There were two ways for you to learn of recent blockbuster research on the prehistoric origins of MS. One was to wait for Nature to bless it with their stamp of approval and 255 news outlets to report on it last week. The other was to read it when it was released as a preprint in September of 2022 when it was picked up by one outlet, MS NeuroXchange, and annotated in detail.

The use of preprints in MS has exploded over the past five years, growing 347% to 330 preprints per year as the result of two key shifts in medical science publishing. The first was the launch of medRxiv in 2019 with the backing of Cold Spring Harbor Labs, Yale University, and the British Medical Journal. The second was the unprecedented need for speed in the dissemination of research associated with the COVID pandemic, which starkly exposed the plodding pace of conventional publishing and the associated drag on the pace of discovery.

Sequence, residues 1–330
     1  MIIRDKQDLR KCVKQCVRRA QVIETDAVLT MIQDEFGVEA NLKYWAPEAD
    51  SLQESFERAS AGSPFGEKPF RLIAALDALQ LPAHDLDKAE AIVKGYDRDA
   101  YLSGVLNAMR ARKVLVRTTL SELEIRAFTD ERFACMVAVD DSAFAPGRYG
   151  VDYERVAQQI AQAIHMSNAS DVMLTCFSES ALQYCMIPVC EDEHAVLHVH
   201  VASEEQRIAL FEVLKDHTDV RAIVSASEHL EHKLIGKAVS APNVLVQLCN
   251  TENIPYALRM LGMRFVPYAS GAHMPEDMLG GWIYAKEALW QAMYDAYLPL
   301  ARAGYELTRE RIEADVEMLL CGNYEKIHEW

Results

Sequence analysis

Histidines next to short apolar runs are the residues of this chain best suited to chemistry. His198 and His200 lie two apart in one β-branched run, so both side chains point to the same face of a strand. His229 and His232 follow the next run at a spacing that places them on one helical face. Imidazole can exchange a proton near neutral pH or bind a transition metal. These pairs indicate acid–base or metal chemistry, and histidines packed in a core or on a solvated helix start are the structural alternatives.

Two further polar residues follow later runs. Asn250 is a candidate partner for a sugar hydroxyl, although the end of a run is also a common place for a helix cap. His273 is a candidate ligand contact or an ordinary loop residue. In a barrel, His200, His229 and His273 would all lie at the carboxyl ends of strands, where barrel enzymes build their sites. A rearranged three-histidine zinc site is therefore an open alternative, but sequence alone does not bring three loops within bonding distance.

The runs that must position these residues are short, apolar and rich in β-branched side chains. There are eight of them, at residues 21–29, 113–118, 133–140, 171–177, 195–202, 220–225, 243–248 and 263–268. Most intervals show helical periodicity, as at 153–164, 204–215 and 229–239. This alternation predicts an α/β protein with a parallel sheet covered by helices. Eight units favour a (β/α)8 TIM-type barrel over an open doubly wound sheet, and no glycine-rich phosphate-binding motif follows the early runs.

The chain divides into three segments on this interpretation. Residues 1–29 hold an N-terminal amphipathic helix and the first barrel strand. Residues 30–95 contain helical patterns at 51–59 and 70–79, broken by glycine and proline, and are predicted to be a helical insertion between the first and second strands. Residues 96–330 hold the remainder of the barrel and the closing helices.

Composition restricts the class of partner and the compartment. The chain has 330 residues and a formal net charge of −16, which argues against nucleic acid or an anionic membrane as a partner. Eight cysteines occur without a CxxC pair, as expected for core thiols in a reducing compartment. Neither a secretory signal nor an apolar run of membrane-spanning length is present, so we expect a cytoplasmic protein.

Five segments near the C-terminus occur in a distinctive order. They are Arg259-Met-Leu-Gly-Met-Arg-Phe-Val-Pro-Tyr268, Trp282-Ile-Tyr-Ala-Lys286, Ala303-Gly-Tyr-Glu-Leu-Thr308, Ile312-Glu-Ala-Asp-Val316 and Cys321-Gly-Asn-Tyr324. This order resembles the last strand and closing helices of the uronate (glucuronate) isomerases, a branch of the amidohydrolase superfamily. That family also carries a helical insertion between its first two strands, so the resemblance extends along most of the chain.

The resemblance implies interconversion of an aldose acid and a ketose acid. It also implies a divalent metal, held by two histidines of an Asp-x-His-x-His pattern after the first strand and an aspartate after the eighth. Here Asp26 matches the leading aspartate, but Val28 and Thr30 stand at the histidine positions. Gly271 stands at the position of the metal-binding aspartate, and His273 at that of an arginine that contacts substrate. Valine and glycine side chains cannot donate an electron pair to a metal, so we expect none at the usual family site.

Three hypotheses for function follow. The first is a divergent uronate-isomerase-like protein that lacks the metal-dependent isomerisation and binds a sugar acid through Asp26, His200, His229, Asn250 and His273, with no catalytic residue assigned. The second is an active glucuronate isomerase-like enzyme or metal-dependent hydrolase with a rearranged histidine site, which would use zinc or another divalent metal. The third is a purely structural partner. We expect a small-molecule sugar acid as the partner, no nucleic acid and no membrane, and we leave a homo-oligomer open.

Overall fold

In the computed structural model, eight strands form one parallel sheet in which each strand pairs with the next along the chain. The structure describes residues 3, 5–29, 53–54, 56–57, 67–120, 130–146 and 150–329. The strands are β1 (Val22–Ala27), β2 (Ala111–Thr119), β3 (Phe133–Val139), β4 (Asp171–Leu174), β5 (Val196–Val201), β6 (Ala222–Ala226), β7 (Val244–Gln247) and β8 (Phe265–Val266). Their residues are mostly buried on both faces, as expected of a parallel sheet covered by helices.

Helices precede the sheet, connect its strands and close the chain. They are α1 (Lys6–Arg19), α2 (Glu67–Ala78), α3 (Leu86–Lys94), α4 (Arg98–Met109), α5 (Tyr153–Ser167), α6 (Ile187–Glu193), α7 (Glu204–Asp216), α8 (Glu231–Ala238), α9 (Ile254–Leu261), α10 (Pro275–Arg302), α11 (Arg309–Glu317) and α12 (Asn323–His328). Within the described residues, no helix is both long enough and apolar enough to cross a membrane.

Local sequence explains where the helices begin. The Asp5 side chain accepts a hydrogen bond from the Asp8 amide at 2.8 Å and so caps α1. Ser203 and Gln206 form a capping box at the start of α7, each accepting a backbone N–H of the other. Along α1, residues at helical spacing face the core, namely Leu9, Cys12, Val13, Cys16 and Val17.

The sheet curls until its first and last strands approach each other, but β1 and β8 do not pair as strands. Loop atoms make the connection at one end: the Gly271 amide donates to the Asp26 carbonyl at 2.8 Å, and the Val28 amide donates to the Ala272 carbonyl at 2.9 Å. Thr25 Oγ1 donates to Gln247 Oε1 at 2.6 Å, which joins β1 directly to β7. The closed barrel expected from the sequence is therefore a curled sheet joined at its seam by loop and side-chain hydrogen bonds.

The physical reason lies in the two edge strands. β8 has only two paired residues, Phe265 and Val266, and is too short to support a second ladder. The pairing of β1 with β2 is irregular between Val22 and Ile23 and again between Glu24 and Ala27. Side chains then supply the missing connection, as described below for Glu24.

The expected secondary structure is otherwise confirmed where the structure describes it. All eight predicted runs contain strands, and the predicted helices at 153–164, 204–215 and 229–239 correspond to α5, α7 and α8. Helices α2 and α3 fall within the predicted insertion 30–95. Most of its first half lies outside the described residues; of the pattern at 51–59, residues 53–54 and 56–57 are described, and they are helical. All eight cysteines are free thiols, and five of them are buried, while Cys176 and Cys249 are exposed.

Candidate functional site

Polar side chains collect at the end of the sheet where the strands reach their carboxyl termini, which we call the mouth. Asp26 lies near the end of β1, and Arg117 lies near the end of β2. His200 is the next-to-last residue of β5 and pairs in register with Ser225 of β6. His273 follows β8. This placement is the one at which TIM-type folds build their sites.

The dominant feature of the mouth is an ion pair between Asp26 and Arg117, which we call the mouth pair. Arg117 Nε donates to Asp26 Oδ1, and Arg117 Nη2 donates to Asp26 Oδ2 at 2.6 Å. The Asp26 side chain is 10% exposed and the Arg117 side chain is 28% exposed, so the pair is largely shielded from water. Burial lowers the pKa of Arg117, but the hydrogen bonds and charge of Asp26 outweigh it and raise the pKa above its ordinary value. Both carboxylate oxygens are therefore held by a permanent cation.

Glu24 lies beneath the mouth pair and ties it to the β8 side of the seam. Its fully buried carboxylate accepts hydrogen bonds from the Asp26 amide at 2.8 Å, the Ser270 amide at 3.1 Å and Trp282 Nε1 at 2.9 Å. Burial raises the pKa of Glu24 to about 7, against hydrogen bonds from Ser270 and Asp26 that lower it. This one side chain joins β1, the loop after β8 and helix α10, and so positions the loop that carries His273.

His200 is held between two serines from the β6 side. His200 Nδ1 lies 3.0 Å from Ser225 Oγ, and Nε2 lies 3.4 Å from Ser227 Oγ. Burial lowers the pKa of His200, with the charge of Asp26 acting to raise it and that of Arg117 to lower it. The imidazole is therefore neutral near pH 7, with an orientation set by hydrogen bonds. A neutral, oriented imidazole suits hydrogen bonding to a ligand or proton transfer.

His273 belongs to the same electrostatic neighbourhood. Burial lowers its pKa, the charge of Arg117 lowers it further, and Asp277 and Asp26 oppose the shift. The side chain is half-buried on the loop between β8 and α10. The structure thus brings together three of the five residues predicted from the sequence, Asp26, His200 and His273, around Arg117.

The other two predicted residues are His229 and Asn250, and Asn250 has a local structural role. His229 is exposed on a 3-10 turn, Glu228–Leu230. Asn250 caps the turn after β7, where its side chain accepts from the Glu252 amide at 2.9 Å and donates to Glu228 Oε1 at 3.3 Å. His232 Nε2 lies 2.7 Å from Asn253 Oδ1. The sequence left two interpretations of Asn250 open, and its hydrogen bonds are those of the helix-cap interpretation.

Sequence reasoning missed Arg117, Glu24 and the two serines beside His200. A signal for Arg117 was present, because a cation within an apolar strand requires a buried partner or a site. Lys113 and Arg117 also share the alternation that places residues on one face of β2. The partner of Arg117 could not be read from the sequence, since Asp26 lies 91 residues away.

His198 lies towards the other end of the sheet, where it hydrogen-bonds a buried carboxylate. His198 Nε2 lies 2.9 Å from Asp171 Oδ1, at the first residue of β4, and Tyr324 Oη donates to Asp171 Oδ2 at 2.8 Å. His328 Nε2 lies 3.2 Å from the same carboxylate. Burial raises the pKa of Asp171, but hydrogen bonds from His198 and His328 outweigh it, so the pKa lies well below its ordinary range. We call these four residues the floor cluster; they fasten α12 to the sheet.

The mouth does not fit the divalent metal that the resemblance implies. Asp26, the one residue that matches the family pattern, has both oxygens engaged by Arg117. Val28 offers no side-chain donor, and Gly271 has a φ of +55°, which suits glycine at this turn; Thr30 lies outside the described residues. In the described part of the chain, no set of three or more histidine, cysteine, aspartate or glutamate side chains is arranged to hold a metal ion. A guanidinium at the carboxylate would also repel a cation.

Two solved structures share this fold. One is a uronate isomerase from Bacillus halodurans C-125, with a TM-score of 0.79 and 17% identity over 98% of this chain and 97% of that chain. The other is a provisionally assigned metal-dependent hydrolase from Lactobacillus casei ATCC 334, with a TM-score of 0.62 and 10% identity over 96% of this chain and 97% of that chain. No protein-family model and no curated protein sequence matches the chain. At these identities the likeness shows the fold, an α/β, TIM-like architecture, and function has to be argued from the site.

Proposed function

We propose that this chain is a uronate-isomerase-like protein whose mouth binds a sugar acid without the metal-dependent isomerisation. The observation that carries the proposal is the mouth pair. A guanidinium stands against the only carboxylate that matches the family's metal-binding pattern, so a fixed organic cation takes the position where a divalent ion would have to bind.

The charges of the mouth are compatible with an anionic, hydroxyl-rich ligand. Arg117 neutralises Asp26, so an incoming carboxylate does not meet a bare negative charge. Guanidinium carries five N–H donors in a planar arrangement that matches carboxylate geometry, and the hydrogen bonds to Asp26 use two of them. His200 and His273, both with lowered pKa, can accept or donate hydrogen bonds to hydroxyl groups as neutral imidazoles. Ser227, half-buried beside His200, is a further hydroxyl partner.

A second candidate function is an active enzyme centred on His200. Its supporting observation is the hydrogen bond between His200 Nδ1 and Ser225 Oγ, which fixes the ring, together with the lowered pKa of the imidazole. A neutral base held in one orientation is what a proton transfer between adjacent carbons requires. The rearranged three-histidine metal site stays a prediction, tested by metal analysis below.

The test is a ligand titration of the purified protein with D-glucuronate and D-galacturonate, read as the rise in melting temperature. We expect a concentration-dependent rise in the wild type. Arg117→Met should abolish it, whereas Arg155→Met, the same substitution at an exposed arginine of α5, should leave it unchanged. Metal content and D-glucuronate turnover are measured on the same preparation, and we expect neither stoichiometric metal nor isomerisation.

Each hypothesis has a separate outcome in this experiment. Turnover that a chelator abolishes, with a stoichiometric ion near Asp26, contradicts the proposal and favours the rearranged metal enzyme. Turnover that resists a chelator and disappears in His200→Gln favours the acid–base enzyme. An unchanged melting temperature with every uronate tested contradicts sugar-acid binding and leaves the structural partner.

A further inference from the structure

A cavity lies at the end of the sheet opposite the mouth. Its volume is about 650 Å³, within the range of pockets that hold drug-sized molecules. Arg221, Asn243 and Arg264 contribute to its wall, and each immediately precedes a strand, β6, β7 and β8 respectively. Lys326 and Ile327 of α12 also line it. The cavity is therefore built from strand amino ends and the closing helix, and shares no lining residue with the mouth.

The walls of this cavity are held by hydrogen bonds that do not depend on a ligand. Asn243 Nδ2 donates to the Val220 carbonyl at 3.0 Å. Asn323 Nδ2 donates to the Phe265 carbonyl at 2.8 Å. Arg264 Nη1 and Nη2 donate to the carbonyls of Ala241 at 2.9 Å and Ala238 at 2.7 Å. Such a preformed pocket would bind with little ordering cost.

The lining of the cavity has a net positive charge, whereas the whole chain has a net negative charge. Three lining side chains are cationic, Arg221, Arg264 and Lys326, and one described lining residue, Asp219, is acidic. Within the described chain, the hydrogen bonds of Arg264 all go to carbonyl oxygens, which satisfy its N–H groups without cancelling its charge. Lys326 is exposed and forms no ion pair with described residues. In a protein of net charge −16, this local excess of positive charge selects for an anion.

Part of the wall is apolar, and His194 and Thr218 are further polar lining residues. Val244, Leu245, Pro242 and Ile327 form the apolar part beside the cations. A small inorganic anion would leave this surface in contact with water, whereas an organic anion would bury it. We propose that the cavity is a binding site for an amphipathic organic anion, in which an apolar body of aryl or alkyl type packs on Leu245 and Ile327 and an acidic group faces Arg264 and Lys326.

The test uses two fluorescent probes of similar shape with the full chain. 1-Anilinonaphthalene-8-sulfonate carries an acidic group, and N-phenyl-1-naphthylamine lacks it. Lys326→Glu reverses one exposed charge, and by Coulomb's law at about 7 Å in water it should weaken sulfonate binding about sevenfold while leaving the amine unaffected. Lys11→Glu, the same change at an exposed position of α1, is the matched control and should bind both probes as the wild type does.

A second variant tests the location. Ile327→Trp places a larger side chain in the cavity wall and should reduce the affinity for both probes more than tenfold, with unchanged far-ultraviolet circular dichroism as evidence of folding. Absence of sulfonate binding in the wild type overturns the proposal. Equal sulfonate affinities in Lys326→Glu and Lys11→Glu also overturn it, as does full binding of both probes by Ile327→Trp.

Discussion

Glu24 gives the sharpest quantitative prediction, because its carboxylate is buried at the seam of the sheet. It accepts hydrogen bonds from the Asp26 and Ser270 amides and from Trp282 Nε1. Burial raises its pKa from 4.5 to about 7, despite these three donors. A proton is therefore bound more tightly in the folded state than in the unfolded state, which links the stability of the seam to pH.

Now, even with the urgency of COVID fading, the genie is out of the bottle. A review of preprints released in 2021, shows that 75% have been published and were available as preprints an average of 6 months before they were published. Even though the need to improve care for and prevention of MS does not match the urgency associated with a global pandemic, its delay has consequences. Imagine depriving people with MS of improved care to accommodate a 15 month publishing delay.

Wading through the preprint servers to find new research is far more challenging than just waiting for your favorite journal to pick it out, but, as demonstrated by this paper, that can be a very long wait. Our goal at NeuroXchange is to accelerate the pace of discovery in neurology by highlighting the most important preprints to bring you tomorrow’s research, today.